Plateau (2017) (United Kingdom) [55] | N = 349 female athletes, N = 32 reported current or previous ED, N = 12 athletes with EDs were recruited additionally (BN = 6, AN = 3, OSFED = 3) | Factor analysis not conducted | Global CET-A score of 10 established as cut-off for identifying female athletes with an ED | n/a |
Sauchelli (2016) (Spain) [56] | N = 157 ED participants, BN = 56, 35.7%, AN = 40, 25.5%, EDNOS = 61, 38.8%, N = 128 university student controls. Female = 228, 79.9%, male = 57, 20.3% | 5 factor solution was supported (RMSEA = 0.087, CFI = 0.910, TLI = 0.900, SRMR = 0.080) | n/a | Cronbach’s α between .79 (ER) and .96 (ARD) |
Swenne (2016) (Sweden) [57] | N = 254 adolescents < 18, full data available for 210, AN = 26, 12%, BN = 9, 4%, EDNOS = 175, 84%. Male = 12, female = 198 | Exploratory PCA. Kaiser criterion suggested a four factor solution, scree plot3 or 4 factor solution. Final 4 factor solution explained 69.1% of variance: (1) WCE, (2) MI and (3) LEE, (4) combination of ARD and ER | n/a | Cronbach’s α: .94 (ARD), .85 (WCE), .90 (MI), .81 (LEE). Not calculated for overall scale |
Taranis (2011) (United Kingdom/ Australia) [23] | 3 different studies, N = 367 female participants, mostly university students, N = 101 female undergraduate students, N = 97 female undergraduate students respectively | Principal components analysis yielded initial 6 factor structure, changed to 5 factors after reducing to 24 items: (1) Avoidance and rule driven behavior (ARD) explained 30.39% variance, (2) Weight control exercise (WCE) 13.72% variance, (3) Mood improvement (MI), 7.71% variance, (4) Lack of exercise enjoyment (LEE), 6.74% variance, and (5) Exercise rigidity (ER), 5.32% variance | n/a | Cronbach’s α: .85 (overall scale), .88 (factor 1), .86 (factor 2), .75 (factor 3), .84 (factor 4), .73 (factor 5) |
Young (2017) (Australia) [58] | N = 78 ED participants with AN, female = 74, male = 4 | Factor analysis not conducted | n/a | Cronbach’s α: .92 (CET total), .95 (ARD), .82 (WCE), .86 (MI), .83 (LEE), .85 (ER) |
Studies focusing on the Exercise and Eating Disorders (EED) | ||||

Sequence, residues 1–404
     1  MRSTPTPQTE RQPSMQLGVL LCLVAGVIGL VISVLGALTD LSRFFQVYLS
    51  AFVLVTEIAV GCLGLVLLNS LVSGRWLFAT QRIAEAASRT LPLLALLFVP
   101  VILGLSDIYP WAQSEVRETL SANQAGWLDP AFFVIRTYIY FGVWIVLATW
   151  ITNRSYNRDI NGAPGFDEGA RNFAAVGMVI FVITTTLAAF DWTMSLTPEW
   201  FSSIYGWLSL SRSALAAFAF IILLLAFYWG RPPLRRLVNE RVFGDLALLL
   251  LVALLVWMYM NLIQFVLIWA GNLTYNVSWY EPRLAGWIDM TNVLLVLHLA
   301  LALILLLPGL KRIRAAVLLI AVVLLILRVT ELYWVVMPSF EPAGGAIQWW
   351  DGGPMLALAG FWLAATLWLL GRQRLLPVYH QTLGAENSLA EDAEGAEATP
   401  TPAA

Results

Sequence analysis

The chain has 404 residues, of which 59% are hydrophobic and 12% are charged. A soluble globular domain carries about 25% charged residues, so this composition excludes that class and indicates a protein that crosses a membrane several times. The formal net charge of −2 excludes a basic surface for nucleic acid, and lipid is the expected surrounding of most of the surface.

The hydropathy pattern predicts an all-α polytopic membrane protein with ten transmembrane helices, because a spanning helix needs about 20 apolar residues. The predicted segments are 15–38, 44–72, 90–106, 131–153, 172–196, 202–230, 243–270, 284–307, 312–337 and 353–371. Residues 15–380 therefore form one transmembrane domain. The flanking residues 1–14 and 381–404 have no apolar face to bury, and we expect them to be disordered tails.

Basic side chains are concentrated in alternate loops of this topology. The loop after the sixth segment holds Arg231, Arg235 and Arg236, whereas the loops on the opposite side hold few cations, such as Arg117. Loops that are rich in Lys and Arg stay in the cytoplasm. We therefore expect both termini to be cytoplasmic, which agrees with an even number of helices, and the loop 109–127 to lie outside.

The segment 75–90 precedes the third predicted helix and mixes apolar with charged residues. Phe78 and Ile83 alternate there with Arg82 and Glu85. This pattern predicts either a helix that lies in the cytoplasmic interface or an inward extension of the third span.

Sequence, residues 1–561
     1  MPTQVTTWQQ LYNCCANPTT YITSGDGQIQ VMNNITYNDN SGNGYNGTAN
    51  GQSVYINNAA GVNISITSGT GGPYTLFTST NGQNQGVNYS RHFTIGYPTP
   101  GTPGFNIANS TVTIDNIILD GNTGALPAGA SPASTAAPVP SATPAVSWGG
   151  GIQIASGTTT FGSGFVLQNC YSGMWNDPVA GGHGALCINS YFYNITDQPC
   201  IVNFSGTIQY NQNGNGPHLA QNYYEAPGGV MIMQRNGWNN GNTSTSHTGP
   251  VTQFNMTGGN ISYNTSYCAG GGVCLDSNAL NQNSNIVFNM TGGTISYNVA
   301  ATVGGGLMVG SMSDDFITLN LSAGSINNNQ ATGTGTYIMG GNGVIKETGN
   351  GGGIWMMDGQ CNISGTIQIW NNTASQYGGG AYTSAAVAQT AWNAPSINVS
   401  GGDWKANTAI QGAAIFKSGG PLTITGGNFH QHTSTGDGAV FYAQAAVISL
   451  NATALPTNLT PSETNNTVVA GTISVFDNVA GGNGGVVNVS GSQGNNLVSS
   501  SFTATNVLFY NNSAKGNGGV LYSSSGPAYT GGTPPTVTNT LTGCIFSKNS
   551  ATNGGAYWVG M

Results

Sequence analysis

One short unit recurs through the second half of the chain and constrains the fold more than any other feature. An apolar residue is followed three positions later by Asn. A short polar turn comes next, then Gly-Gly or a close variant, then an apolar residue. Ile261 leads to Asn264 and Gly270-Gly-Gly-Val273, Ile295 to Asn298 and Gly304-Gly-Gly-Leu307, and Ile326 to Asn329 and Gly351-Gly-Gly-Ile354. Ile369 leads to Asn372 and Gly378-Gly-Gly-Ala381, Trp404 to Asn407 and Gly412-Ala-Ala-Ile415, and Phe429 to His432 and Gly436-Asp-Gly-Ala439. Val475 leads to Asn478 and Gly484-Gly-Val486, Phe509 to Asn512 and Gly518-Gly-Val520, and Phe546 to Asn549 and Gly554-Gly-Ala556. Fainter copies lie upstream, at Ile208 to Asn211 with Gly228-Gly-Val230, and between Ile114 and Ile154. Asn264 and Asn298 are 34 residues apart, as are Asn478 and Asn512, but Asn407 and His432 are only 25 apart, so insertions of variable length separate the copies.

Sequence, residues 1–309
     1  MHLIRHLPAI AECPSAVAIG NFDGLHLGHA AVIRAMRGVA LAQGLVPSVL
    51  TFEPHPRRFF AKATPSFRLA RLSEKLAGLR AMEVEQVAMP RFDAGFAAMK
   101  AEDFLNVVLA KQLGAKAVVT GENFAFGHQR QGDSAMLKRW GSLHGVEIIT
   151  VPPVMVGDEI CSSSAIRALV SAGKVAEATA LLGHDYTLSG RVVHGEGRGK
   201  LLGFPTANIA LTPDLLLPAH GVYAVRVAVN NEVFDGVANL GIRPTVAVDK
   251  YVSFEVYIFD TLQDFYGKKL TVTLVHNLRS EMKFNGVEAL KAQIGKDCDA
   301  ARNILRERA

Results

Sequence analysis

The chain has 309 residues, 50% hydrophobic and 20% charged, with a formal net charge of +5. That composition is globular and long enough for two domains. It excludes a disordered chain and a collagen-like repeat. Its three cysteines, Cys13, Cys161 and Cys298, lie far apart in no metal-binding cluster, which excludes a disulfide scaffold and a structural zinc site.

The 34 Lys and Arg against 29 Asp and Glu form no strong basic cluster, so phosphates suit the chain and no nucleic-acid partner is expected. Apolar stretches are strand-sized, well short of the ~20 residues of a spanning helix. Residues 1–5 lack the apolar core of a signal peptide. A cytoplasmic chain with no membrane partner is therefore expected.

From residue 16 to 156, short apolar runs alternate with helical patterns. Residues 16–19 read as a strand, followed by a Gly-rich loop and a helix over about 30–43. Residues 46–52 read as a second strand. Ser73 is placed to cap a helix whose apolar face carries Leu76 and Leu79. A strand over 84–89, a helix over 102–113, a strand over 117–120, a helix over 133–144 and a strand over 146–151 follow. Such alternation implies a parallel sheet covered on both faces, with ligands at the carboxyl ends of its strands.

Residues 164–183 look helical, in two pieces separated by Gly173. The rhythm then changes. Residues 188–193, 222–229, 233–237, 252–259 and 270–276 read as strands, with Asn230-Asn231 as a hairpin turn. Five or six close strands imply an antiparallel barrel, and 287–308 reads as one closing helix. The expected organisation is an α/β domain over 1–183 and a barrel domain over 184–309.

Danielsen (2012) (Norway) [3] | Mean EED sum score patients = 58.5 (±16.5), control group 33.4. (± 11.2). Mean difference = 25.1, p < .001. Subscale 1 patients = 21.6 (±6.4), control group 15.8 (±4.4), mean difference = 5.9. Subscale 2 patients = 24.0 (±9.0), control group 12.1 (±6.9), mean difference = 11.9. Subscale 3 patients = 12.9 (±4.7), controls 5.6 (±3.9), mean difference 7.4. All p < .001 | EED total (Spearman’s ρ = .84) and all subscales (intentions to exercise ρ = .65, consequences of not exercising ρ = .76, bodily sensations ρ = .71) were significantly correlated with Body Attitudes Test (BAT total) in the whole sample. All p < .001. Correlations between EED subscales and BAT subscales ρ = .55 to .76. Correlations of total scores also significant for patients and controls separately. All p < .001 | n/a | |
Danielsen (2015) (Norway) [50] | EED global score patients = 2.49 (±.96), controls = 1.40 (±.65), mean difference = 1.09. Factor 1 mean score patients = 2.64(±1.40), controls 1.30 (±.95), mean difference = 1.35. Factor 2 patients = 2.41 (± 1.36), controls = 1.59 (±.1.11, mean difference = .81. Factor 3 patients = 1.86 (±1.18), controls 1.01 (±.90), mean difference = .86. Factor 4 patients = 3.00 (±1.60), controls (1.40(±.65), mean difference = 1.09. All p < .001 | n/a | EED global score correlated significantly with EDE-Q global score for whole sample (r = .79) and for patients (r = .66) and controls (r = .73) separately. All p < .01. EED subscales CE (r = .70), PHE (r = .36), BS (r = .39) and WS (r = .65) correlated significantly with EDE-Q global score for the whole sample as well as patients and controls separately. All p < .01 | |
Danielsen (2018) (Norway) [51] | EED global score patients = 2.00 (±.76), controls = 1.16 (±51), mean difference = .84. Factor 1 mean score patients = 1.89 (±1.45), controls = .65 (±.91), mean difference = 1.23. Factor 2 patients = 1.77 (±.94), controls = 1.13 (±1.08), mean difference = .64. Factor 3 patients = 2.27 (±1.40), controls = 1.56 (±1.30), mean difference = .71. Factor 4 patients = 2.16 (±1.61), controls 1.28 (±.94), mean difference = .84. All p < .001 | n/a | EED global score correlated significantly with EDE-Q global score for whole sample (r = .66) and for patients (r = .65) and controls (r = .35) separately. EED CE and WSE subscales correlated significantly with EDE-Q score for the whoe sample (r = .65 and r = .61) as well as patients (r = .67 and r = .65) and controls (r = .39 and r = .54). No correlation between EDE-Q scores and PHE subscale. Only EDE-Q scores for whole male sample correlated with BS subscale (r = .24). p < .01 for all correlations | |